It wasn’t a good year for the Paul Rudolph Foundation. In 2004, Ernst Wagner, who established the foundation, took a nasty fall in the Manhattan town house that Rudolph designed for himself and Wagner in 1989. His injury followed the departure of the foundation’s director, who left due to a budget shortfall.

Photo: © Chris Mottalini
Nepal Asatthawasi stands amid the rubble of Paul Rudolph’s Michaels House in Westport, Connecticut.

Wagner and the foundation recovered, but today the organization faces a new crisis as Rudolph’s buildings are endangered by a storm of real estate pressure and Rudolph’s association with the misunderstood and underappreciated Brutalist movement. The list of threatened or demolished structures includes a 1972 house commissioned by Dr. and Mrs. Louis Michaels in Westport, Connecticut, that came down in January. The current owners of Rudolph’s Cerrito residence in Watch Hill, Rhode Island, were making plans to tear down that property until, earlier this month, a pair of New Yorkers stepped in with an offer to move it to the Catskills.

Sarasota, Florida, where Rudolph was a leader of the city’s namesake school of Modernist architecture, is the most active battleground for his legacy. The grassroots group Save Riverview, working with the National Trust for Historic Preservation, recently won a stay of execution for Riverview High School, which the county wanted to demolish; they have until March 2008 to raise $20 million for an alternative scheme to move forward. Also in Sarasota, Joe King, AIA, a published Rudolph expert, recently applied to demolish the Twitchell House after deciding it financially imprudent to restore the 1941-vintage residence. In addition to needing repairs after a fire and flooding, the structure sits just 25 feet from the Gulf of Mexico, making it a candidate for repeat damage. King has tentatively worked out a deal to rebuild the house elsewhere.

The Paul Rudolph Foundation is following new plans to fight these threats, thanks to Nepal Asatthawasi, who was named coordinator of the organization last October. The 26-year-old understands that some observers will do a double-take at her age, but she wants to use her generation’s savvy to build excitement about Rudolph’s work. “I’m perhaps more open to technological intervention,” she says, and discusses transforming the foundation’s Web site into a dynamic networking site that offers “news of teardowns and rumors of a teardown, not just of Rudolph buildings but his whole generation’s.”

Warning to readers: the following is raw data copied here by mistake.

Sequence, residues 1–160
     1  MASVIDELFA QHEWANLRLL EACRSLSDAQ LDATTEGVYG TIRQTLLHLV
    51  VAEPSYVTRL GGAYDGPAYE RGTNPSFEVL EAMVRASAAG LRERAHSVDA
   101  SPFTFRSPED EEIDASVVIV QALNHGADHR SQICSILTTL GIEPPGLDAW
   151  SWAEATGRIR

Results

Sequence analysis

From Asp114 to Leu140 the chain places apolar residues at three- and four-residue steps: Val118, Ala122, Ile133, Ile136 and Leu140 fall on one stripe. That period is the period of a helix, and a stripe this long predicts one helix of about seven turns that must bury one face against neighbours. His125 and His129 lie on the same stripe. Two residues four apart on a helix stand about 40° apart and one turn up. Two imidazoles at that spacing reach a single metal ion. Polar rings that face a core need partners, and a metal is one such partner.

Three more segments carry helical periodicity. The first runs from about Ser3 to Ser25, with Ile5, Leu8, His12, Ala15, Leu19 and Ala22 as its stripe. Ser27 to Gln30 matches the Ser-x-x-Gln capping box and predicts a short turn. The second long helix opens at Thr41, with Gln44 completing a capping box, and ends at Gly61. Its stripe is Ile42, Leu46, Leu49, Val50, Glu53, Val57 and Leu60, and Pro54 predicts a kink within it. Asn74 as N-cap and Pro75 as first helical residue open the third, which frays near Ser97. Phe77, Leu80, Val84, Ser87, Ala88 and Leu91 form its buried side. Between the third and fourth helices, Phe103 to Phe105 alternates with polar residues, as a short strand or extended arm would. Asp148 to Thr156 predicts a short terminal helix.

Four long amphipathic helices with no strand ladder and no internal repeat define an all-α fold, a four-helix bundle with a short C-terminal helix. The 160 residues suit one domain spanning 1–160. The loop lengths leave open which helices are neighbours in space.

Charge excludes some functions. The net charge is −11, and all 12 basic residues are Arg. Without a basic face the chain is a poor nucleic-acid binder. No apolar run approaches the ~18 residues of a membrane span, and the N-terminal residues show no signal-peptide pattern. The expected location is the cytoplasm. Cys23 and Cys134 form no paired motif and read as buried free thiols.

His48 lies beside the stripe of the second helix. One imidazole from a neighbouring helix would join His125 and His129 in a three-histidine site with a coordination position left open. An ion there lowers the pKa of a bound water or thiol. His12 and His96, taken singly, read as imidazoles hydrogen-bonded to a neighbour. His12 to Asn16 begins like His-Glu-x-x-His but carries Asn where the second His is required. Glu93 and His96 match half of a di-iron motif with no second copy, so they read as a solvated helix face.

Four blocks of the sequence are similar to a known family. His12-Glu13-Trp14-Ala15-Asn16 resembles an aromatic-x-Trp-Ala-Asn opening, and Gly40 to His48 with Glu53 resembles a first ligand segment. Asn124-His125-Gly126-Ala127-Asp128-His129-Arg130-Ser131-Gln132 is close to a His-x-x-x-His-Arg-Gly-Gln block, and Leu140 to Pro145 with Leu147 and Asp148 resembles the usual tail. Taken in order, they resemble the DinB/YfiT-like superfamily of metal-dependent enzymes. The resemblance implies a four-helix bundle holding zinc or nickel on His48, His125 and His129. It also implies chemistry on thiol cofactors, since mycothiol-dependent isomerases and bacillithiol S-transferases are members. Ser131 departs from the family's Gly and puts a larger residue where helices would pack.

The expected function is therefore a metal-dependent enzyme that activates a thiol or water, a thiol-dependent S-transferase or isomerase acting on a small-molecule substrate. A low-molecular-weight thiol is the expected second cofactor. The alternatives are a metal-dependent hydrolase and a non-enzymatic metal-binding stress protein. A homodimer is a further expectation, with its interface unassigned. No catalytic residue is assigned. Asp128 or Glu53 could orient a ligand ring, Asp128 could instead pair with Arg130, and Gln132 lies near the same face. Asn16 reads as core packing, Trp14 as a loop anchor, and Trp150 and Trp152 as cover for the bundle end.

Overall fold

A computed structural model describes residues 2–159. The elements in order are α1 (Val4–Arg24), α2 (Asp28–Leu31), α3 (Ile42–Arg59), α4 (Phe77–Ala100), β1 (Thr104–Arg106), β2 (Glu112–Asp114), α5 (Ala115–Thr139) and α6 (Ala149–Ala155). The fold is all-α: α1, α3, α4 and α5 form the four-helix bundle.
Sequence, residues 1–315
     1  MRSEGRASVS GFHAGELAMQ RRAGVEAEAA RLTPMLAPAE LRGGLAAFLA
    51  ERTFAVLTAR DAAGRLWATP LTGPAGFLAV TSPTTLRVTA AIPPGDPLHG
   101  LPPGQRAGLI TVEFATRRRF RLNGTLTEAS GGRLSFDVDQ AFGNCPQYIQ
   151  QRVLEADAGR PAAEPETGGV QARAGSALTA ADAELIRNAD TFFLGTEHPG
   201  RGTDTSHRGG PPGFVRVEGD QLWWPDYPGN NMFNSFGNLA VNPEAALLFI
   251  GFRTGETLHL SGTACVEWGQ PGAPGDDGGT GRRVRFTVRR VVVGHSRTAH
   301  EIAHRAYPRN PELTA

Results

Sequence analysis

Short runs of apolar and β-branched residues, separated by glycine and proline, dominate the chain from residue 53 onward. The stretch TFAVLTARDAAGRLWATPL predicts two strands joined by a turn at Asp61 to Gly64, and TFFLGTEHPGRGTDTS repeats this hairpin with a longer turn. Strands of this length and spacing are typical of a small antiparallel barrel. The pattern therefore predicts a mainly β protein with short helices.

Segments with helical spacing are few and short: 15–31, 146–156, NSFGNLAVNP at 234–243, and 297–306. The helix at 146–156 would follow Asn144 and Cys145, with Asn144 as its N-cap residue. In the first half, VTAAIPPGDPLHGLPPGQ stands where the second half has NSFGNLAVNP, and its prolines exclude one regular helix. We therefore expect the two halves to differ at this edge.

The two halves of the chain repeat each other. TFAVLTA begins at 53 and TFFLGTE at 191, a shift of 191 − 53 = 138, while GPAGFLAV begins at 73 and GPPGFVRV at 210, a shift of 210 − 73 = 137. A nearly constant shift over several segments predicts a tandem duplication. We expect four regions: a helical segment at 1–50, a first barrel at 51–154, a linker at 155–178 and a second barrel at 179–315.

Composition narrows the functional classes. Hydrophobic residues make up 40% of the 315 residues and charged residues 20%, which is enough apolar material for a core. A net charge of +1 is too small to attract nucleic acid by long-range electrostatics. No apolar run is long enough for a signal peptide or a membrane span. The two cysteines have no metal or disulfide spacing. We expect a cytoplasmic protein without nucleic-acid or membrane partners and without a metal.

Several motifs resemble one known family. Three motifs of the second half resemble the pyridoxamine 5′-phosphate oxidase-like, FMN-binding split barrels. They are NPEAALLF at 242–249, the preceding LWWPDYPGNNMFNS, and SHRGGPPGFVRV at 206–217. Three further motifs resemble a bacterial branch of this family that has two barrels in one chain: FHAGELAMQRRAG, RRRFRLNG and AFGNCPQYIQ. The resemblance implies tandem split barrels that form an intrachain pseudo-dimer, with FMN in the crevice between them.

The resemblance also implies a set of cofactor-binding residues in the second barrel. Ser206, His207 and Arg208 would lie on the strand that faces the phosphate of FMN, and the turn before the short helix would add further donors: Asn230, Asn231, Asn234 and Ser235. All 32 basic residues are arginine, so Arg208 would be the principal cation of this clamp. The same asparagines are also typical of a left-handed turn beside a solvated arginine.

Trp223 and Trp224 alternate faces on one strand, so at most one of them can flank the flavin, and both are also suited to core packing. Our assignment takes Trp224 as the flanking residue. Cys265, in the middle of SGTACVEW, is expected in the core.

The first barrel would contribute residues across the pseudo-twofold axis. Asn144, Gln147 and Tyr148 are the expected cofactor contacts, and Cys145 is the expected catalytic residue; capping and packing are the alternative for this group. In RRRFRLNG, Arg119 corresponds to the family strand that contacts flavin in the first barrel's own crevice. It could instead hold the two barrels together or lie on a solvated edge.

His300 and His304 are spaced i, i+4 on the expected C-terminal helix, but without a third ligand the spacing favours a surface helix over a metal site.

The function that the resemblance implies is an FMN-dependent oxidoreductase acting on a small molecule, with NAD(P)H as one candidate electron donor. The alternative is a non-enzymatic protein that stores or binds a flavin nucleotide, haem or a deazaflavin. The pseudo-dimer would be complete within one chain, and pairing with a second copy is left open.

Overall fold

Asatthawasi’s expanded vision for the foundation includes educational efforts founded on wiki culture as well as elbow grease. She is currently documenting Rudolph’s houses and will make this archive available online; a film is also in the works. To help boost the foundation’s meager revenue, Asatthawasi is inviting more members to join its board—and telling candidates that fund-raising will be a responsibility of membership. Although it won’t increase revenue, she also plans to get Rudolph homeowners “involved in an exclusive network. And hopefully they’ll appreciate it enough to pass on those values, and perhaps not be so quick to pass on the property to a less sensitive buyer.” She is introducing sellers to interested buyers, or encouraging them to use auction houses instead of local property brokers.

Asatthawasi admits that the foundation is unable to purchase properties outright, but she compares her job to leading a high-tech startup company and suggests that the foundation’s online endeavors could help reignite the field of preservation. “I haven’t seen any kind of widespread effort to do something vital in this realm,” she notes.